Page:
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In a packed courtroom on the 13th floor of 100 Centre Street, Dominique Strauss-Kahn, dressed in a black suit, stood before Judge Michael J. Orbus and calmly said “not guilty.” Although he didn’t say much else, the defense that the former director of the IMF and his lawyers who proclaimed his plea a “powerful statement” of his innocence will now most likely begin building is that his encounter with the Sofitel employee was consensual.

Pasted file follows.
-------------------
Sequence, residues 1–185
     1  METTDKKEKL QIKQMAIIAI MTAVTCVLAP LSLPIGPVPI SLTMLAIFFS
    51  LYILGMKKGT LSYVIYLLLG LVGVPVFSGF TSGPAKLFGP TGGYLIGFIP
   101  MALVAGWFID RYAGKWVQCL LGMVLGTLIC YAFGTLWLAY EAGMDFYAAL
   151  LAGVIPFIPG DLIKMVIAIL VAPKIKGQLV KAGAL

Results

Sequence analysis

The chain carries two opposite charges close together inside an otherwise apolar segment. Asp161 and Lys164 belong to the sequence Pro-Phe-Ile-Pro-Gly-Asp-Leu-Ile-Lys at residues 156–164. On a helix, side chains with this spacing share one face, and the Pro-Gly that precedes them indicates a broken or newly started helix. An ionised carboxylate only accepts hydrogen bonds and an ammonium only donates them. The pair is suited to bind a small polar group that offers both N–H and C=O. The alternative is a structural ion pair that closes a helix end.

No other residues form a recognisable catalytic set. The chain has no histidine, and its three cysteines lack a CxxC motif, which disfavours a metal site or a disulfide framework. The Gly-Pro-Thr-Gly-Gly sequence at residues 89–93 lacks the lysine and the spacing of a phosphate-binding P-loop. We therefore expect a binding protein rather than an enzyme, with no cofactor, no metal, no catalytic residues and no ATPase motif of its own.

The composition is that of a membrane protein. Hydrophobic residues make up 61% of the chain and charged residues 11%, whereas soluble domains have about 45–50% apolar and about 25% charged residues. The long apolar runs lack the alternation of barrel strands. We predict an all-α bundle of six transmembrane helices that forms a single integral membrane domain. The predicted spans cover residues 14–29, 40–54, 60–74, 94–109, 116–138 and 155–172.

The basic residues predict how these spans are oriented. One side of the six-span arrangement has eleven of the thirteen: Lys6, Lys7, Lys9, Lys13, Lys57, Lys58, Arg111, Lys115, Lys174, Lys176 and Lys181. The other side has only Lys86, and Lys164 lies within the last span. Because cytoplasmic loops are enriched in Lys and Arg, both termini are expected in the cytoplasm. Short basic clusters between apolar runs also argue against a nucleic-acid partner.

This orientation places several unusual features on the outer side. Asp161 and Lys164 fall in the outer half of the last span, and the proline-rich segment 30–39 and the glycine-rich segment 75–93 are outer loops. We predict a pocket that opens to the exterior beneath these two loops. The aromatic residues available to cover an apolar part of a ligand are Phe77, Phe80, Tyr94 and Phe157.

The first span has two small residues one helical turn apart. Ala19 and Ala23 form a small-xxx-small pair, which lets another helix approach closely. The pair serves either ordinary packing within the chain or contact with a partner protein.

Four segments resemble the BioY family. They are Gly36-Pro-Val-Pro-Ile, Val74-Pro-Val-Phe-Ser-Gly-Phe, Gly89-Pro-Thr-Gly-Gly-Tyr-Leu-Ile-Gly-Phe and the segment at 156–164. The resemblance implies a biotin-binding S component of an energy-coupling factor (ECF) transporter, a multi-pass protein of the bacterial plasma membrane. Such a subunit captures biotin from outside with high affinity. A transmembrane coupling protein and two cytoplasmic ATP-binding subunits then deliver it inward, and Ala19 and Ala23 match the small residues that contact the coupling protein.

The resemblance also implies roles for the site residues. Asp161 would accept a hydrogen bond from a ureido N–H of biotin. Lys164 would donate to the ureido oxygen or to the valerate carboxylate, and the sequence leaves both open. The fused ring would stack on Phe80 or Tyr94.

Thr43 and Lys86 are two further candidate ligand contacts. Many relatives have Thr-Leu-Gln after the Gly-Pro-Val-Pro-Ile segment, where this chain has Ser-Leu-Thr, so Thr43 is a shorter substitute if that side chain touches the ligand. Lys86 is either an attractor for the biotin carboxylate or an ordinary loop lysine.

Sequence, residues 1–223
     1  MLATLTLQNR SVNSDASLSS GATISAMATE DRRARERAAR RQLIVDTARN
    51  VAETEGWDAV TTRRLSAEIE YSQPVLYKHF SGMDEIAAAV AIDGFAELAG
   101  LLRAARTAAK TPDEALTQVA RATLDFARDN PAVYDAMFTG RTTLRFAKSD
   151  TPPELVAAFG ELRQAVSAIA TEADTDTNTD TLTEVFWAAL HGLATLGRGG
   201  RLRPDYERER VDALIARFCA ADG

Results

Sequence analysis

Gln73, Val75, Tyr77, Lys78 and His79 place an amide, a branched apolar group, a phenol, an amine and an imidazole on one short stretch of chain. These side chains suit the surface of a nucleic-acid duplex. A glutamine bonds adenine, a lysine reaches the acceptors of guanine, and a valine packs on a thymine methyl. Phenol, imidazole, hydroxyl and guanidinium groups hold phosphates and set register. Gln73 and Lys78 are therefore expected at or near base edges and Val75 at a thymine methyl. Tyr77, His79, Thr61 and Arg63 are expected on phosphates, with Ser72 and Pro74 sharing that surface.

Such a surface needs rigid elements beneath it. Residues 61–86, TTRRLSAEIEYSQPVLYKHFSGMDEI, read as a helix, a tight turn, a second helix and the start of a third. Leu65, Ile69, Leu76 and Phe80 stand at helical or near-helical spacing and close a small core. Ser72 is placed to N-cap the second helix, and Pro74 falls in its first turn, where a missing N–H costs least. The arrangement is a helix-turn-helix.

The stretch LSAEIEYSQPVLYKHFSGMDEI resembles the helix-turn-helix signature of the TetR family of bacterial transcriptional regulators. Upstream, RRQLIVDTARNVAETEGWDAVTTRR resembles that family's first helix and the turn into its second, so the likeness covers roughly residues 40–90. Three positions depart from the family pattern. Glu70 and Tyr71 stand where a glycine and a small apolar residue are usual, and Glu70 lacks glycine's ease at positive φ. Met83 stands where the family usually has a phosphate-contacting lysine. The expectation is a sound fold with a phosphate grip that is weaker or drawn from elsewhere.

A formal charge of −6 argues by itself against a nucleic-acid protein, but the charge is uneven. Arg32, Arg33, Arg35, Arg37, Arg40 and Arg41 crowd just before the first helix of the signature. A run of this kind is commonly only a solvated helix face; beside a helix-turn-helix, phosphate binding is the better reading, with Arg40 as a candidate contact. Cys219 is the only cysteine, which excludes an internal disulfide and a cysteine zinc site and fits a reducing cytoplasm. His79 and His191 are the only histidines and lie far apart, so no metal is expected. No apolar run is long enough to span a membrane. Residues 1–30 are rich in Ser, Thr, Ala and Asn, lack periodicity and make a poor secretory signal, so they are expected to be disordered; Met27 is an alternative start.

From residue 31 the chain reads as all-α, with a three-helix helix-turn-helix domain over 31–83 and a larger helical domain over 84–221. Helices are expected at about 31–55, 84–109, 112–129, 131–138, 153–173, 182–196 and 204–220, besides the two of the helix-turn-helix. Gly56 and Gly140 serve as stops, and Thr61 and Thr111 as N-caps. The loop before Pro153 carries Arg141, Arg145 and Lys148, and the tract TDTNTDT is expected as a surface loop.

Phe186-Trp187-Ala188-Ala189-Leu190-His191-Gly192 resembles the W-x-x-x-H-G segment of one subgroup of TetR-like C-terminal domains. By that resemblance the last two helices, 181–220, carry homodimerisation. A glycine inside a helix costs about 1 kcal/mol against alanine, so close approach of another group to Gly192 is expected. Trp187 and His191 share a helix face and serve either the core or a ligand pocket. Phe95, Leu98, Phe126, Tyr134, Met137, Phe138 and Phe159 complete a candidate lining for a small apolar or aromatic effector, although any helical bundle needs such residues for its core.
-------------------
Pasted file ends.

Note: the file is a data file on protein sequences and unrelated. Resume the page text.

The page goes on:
Nicolas Sarkozy and Dominique Stauss-Kahn were never friends one conservative, the other Socialist, their political ambitions setting them on a collision course. Yet, soon after Sarkozy’s 2007 election as President of France, he surprised most people by nominating Strauss-Kahn to be Managing Director of the International Monetary Fund, a heartening reach across party lines
Dominique Strauss-Kahn has not been convicted of any crime.